It's time to go shopping for shares again, but where to start? There are loads of great stocks to choose from, and I've got my wallet out. So should I order Whitbread (LSE: WTB) (NASDAQOTH: WTBCY.US)?
Ale and hearty
For me, Whitbread will always be an old English ale, but this FTSE 100 giant is so much more than a brewer these days. It is the UK's largest hotel and restaurant company, with a tasty spread of brands including Premier Inn, Beefeater, Brewers Fayre, Table Table and the ubiquitous Costa Coffee chain. Should I buy it?
Where's the beef?
Leisure company stocks should have been the big losers of the financial crisis. Eating and drinking out, weekend breaks away, these are some of the first things to go when consumers are feeling the pinch. That makes Whitbread's share price performance of the past five years all the more impressive. It is up 116% in that time, and more than 50% over the past 12 months, against 18% and 7% respectively for the FTSE 100 as a whole. Clearly, people can still afford the budget-priced treat of a coffee at Costa, a table at Table Table and, um, some beef at Beefeater.
Its recent fourth-quarter trading statement looks pretty tasty, although the market honed in chief executive Andy Harrison's admission that headline like-for like sales growth of 2.7% in the 11 weeks to 14 February "was slightly suppressed by adverse weather conditions in January, particularly affecting the restaurants business". With total sales growth up 16.9%, investors won't be too worried about that. Whitbread still served up "outstanding" organic growth, Harrison said, winning a larger share of a flat consumer market, with sales up a frothy 14.8%, and record "guest satisfaction" scores (so they do pay attention to those forms!). Over 50 weeks, like-for-like sales were up 3.7%. This left Whitbread on course to deliver full-year results in line with expectations.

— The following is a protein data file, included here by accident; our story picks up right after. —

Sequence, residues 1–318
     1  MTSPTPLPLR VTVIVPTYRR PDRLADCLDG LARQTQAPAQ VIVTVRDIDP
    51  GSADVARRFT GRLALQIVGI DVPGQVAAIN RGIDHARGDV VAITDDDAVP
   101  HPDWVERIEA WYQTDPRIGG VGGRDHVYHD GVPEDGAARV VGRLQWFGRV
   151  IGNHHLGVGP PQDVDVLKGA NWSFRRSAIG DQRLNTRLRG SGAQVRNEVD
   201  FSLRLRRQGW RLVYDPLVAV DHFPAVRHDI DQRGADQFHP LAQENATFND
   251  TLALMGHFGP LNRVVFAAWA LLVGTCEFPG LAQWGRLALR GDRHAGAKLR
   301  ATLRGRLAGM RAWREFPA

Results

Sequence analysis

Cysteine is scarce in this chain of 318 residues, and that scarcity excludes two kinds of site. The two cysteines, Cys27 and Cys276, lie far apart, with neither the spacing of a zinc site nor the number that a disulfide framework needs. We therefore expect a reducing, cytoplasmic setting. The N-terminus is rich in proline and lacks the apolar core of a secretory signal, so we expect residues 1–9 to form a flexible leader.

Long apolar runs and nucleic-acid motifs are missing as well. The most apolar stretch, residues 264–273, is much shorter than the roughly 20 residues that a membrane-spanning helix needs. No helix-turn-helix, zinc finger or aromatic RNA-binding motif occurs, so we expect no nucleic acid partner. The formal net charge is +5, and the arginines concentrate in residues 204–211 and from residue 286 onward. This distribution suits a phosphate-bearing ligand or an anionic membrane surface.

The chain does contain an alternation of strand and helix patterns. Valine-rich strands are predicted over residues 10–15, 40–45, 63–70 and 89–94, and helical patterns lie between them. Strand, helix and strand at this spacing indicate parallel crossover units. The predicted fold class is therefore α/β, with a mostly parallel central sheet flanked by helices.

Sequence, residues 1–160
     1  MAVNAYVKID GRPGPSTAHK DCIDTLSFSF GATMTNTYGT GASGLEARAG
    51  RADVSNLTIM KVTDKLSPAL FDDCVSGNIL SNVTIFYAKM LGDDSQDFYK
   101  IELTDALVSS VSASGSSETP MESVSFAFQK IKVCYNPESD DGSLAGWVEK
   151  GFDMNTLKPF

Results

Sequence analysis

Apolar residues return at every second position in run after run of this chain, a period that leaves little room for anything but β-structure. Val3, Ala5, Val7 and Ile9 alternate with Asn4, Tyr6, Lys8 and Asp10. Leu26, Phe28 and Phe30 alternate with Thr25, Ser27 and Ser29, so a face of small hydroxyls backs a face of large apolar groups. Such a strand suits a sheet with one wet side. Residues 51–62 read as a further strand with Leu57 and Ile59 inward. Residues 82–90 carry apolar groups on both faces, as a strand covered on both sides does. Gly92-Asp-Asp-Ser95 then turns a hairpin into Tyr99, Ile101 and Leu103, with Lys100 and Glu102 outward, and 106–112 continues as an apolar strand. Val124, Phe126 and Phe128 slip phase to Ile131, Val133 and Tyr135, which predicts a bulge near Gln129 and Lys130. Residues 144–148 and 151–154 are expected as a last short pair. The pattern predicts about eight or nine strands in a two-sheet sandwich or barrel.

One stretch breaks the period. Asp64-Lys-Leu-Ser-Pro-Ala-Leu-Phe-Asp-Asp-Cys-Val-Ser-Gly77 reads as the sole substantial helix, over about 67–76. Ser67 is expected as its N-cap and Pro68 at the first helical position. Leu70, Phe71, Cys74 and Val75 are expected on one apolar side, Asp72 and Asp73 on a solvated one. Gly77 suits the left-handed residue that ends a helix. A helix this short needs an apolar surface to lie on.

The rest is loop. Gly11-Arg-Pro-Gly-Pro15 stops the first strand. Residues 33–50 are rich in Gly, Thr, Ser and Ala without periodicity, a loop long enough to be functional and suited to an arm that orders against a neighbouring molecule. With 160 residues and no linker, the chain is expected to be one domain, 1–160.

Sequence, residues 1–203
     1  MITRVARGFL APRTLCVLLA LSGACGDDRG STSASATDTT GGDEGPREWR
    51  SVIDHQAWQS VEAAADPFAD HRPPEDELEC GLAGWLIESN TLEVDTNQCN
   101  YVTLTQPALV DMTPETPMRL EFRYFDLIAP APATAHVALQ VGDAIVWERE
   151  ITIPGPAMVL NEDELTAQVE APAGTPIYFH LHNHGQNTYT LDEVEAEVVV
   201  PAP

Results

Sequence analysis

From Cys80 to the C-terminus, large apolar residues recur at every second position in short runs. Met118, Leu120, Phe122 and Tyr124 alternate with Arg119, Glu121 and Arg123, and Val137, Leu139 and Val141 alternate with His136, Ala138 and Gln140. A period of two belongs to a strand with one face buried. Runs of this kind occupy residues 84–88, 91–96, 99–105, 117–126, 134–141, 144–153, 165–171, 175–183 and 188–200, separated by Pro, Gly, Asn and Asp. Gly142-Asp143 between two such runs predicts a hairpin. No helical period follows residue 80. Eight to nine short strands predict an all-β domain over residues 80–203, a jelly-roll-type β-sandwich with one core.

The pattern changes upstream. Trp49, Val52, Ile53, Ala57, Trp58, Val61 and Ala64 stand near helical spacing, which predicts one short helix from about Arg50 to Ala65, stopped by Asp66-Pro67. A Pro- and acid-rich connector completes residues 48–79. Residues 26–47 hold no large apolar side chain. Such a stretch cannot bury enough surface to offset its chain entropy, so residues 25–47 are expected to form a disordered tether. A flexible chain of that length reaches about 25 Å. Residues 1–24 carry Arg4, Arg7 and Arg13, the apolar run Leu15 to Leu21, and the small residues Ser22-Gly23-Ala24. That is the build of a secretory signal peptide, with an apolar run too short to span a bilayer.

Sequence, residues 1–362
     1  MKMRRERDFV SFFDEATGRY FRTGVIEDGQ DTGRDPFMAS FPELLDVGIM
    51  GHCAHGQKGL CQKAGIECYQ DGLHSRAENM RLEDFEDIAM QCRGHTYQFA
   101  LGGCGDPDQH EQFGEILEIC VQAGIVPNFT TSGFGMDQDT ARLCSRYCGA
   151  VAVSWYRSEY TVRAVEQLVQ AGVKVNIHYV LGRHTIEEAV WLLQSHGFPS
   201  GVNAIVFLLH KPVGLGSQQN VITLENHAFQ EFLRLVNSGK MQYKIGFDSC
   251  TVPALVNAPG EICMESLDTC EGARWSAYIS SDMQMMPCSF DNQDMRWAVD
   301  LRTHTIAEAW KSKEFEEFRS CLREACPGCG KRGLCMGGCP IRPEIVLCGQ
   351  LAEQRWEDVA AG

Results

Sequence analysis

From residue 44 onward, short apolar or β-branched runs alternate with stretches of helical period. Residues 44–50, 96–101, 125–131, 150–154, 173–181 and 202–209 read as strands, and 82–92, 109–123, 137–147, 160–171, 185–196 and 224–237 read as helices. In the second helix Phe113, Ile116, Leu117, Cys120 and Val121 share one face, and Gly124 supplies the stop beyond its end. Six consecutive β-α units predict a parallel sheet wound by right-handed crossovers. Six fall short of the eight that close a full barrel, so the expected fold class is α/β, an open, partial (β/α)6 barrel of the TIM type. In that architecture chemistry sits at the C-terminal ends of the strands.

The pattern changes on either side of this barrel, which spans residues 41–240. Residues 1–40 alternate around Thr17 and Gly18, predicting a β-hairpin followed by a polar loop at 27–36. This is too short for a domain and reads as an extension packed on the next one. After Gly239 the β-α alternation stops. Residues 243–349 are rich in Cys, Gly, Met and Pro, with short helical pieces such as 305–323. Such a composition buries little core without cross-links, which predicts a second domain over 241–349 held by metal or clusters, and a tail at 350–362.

Management has bullish growth targets, with plans to increase the number of Premier Inn UK rooms to at least 65,000, add up to 100 new restaurants, and double Costa's size to 3,500 stores worldwide. Sales in Costa Asia grew 72% to nearly £46 billion, as yet another FTSE 100 company looks to expand eastwards. Whitbread can't keep growing at this rate forever, of course, but for now, there is little sign of a slowdown. Analysts like it. UBS has just upgraded the group to a 'buy', citing its success in tripling the number of Premier Inn rooms in nine years and Costa stores in six years, despite the 2008-09 downturn.
I'm disappointed at Whitbread's 2.26% dividend, which is well off the FTSE 100 average of 3.3%. Covered 2.5 times, however, there is scope for growth. Its 19.4% operating margin, however, is impressive, and I'm happy with its 10% projected earnings per share (EPS) growth for the next 12 months. It is looking pricey, trading at 20.5 times earnings. That's what happens when your share price doubles in five years. Trading on a PEG of 1.5, Whitbread may struggle to repeat past growth successes. As with many FTSE 100 companies, the recent bull market has left fewer bargains out there. Whitbread isn't cheap, and its customers' pockets are under pressure, but its strong financial position, easy brand recognition, mainstream target market, Asia growth targets and robust management give it plenty of depth and body.
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